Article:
That leaves tube preamp and solid state amp combinations. This is where magic and musical happiness just might be waiting for you. There are a couple of "ifs". You really will need to look hard for a tube preamp that minimizes the "tube-cons". And you will have to look equally hard for a solid state amp that is head and shoulders above what is accepted as "normal" sound from solid state amps. I'll admit that lots of solid state amps have no soul. They rob music of the fun and the joy. This tends to be something you don't notice while you are shopping. You get hyped up by the dealer and listen to all the detail and the power in the bass and you forget to keep checking your EMOTIONAL reaction to the music. If you find yourself listening to an amp or preamp and getting all worked up about the detail it reproduces and how much better it sounds than what you are using now, force yourself to chill out and take your EMOTIONAL temperature. Are you hot for the MUSIC or hot for the detail or other technical performance parameter. I promise you that the MUSIC is more important by a factor of 10 or more.
When you combine a tube preamp with a solid state amp, you have an opportunity to combine the best attributes of both designs. Late model tube preamps are better than ever at doing deep bass and extended sweet & natural highs. Newer solid state amps drive even difficult speakers while providing authoritative bass performance. The magical tube midrange, soundstage size, "air" and overall musicality from a great preamp passes directly to a low distortion solid state amp which maintains/retains a great measure of the good tube qualities in its output. This can be a match made in heaven if the preamp and amp are selected correctly.
How do you find a tube - solid state pair that work really well together? Shop, listen, ask, read, and don't pre-judge a component only on someone else's experience. Shop at reputable dealers (see another article I wrote for Soundstage! describing how to find the right kind of dealer - see It's All the Same, Isn't It?). Listen to what dealers have to say, but maintain objectivity. Ask other audiophiles you know about their opinions - but remember, those are just 1 person's opinion. Read high end magazines (see the same previous Soundstage! article). When you read, understand that the reviewer will generally be exposed to a lot more equipment, rooms and setups than average audiophiles. Take the reviewer's opinions with a bit more weight - but maintain objectivity. Remember that even reviewers have prejudices that may or may not match yours. Avoid falling into the reviewer-is-guru trap. They might know more than you about high end audio, but their knowledge may or may not be important to your selection process - depends on how closely the reviewer's goals/likes match yours. Collect information, but don't try to solve the problem until you have some listening experiences under your belt.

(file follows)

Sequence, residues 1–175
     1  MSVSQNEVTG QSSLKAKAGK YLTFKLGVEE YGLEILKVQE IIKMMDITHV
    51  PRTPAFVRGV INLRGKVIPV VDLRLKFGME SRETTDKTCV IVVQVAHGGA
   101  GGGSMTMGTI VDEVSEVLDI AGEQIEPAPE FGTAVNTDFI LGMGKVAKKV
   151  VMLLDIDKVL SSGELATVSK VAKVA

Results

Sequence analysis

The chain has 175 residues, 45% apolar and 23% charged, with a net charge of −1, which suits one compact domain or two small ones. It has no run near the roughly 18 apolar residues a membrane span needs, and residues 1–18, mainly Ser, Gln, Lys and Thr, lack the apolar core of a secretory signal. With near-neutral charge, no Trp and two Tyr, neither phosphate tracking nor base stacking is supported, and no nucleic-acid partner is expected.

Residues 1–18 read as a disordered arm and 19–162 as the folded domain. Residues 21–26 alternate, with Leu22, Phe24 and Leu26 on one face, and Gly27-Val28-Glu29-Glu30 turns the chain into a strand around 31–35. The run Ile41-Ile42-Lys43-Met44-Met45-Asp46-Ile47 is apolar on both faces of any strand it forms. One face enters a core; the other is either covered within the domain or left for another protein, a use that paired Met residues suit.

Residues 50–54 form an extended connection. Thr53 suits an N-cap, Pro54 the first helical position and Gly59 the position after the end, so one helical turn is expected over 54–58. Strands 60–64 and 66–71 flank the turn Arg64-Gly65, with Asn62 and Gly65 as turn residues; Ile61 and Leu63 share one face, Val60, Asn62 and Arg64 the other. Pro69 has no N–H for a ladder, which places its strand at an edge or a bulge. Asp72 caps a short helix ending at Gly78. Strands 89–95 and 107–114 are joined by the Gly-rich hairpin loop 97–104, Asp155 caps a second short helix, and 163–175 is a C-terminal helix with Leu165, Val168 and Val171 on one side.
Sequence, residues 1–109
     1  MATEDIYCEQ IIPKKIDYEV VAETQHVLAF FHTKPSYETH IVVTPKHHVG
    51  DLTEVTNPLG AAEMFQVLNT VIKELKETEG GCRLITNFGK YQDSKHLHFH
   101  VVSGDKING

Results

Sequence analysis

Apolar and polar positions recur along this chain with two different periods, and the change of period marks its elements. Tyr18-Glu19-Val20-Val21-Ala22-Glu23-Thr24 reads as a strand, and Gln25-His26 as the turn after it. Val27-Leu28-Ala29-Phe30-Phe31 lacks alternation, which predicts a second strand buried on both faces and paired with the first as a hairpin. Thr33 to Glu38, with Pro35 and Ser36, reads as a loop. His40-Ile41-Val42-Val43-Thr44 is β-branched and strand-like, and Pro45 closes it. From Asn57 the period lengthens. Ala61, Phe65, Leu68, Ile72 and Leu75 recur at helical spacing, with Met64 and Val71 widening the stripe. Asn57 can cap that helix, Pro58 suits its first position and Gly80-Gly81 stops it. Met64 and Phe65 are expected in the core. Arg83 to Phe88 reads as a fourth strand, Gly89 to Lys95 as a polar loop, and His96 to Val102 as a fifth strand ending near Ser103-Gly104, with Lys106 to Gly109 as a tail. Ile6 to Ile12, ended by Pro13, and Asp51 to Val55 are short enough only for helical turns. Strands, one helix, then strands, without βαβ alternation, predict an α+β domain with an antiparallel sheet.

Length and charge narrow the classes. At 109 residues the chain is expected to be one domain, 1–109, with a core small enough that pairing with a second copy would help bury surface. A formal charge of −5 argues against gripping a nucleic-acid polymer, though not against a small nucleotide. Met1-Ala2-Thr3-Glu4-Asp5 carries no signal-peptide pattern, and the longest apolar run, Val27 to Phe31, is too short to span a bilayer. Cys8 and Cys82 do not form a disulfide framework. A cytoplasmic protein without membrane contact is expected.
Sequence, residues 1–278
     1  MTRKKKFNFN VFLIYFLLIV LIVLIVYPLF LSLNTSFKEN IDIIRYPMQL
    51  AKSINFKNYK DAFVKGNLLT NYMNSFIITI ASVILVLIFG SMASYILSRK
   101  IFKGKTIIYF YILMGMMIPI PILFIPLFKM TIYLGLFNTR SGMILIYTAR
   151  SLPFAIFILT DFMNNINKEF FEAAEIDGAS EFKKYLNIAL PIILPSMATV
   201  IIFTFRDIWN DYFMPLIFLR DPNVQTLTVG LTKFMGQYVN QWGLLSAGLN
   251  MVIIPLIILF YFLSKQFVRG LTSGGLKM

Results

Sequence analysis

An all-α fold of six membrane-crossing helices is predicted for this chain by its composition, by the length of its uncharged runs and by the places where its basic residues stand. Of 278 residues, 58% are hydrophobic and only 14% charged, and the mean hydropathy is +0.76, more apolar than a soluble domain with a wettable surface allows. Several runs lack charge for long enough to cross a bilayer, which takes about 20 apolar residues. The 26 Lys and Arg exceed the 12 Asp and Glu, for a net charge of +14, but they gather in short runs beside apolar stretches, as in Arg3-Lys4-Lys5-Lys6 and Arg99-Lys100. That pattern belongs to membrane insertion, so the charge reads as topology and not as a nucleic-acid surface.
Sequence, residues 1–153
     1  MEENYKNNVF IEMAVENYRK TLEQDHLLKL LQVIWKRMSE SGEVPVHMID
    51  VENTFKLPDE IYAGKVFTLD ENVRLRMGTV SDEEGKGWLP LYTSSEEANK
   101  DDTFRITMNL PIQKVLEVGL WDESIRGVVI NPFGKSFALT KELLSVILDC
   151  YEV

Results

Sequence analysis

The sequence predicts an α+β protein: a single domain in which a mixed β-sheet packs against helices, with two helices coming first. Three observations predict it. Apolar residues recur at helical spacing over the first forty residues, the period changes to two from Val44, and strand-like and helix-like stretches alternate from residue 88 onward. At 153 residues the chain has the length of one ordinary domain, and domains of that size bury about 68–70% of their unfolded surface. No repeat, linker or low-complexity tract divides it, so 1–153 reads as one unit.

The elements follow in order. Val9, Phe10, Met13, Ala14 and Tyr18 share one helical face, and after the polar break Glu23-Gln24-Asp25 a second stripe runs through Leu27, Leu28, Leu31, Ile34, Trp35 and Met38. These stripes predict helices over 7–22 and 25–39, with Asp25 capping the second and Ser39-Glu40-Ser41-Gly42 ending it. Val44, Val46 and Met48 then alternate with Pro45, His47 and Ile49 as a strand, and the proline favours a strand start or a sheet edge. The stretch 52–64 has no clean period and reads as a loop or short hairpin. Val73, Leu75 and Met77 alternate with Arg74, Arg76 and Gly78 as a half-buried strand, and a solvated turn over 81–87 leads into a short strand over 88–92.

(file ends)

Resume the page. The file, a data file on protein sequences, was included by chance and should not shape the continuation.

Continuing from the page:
Remember that listening experiences in different rooms with different equipment can be quite different from what will happen in your room. Try to get loaners or moneyback return privileges or at least even-money trade-ins for other equipment the dealer sells if you make a bad choice. Eventually a pattern will emerge that will have you favoring the performance of a select few components. When you get that close, your work is done... buy something, take it home and enjoy the music.
Here's an example of how this can be trouble-but-worth-it. My favorite tube preamp - solid state amp combination happens to be the one I own. No surprise probably. But if I tell you that the Audible Illusions Modulus 3 or 3A preamp and OCM-500 amp (or OCM-200) sound fantastic together, you are going to have a heck of a time hearing these 2 together at the same place at the same time. There aren't all that many dealers that carry both brands. Then you need to remember to have the dealer use Kimber KCAG interconnect (or something equal/better) to connect the two. And listen to the amp using a Cardas Hex 5C power cord if possible. Now we are really getting into the small percentages of being able to hear this exact combination anywhere but in my listening room. No, you can't invite yourself over for a listen! (-: This is just 1 example of the difficulties involved in the search process.
Approach this as a long term project. Take your time. Don't make snap decisions. Enjoy the process. That's half the fun of exploring high end audio. The other half is when you finally get your system set up and the music brings a tear to your eye or a smile to your face.
.....The Noisy Audiophile